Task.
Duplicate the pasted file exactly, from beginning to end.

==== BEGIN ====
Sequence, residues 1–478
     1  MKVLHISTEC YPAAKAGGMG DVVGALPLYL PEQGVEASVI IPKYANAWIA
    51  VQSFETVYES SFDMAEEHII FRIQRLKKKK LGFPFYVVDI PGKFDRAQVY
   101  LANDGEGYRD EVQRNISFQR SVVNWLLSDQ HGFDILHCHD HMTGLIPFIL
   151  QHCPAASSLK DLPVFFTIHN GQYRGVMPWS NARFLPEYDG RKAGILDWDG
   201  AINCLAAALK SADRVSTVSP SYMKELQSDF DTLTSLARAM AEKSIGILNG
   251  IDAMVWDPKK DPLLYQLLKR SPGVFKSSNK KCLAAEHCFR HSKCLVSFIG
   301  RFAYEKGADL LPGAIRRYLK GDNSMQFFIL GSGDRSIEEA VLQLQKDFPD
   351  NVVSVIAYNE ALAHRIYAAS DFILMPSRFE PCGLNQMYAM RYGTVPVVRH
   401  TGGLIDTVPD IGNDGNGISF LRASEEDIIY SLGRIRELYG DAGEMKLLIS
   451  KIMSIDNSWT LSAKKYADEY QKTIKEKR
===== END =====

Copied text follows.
Sequence, residues 1–478
     1  MKVLHISTEC YPAAKAGGMG DVVGALPLYL PEQGVEASVI IPKYANAWIA
    51  VQSFETVYES SFDMAEEHII FRIQRLKKKK LGFPFYVVDI PGKFDRAQVY
   101  LANDGEGYRD EVQRNISFQR SVVNWLLSDQ HGFDILHCHD HMTGLIPFIL
   151  QHCPAASSLK DLPVFFTIHN GQYRGVMPWS NARFLPEYDG RKAGILDWDG
   201  AINCLAAALK SADRVSTVSP SYMKELQSDF DTLTSLARAM AEKSIGILNG
   251  IDAMVWDPKK DPLLYQLLKR SPGVFKSSNK KCLAAEHCFR HSKCLVSFIG
   301  RFAYEKGADL LPGAIRRYLK GDNSMQFFIL GSGDRSIEEA VLQLQKDFPD
   351  NVVSVIAYNE ALAHRIYAAS DFILMPSRFE PCGLNQMYAM RYGTVPVVRH
   401  TGGLIDTVPD IGNDGNGISF LRASEEDIIY SLGRIRELYG DAGEMKLLIS
   451  KIMSIDNSWT LSAKKYADEY QKTIKEKR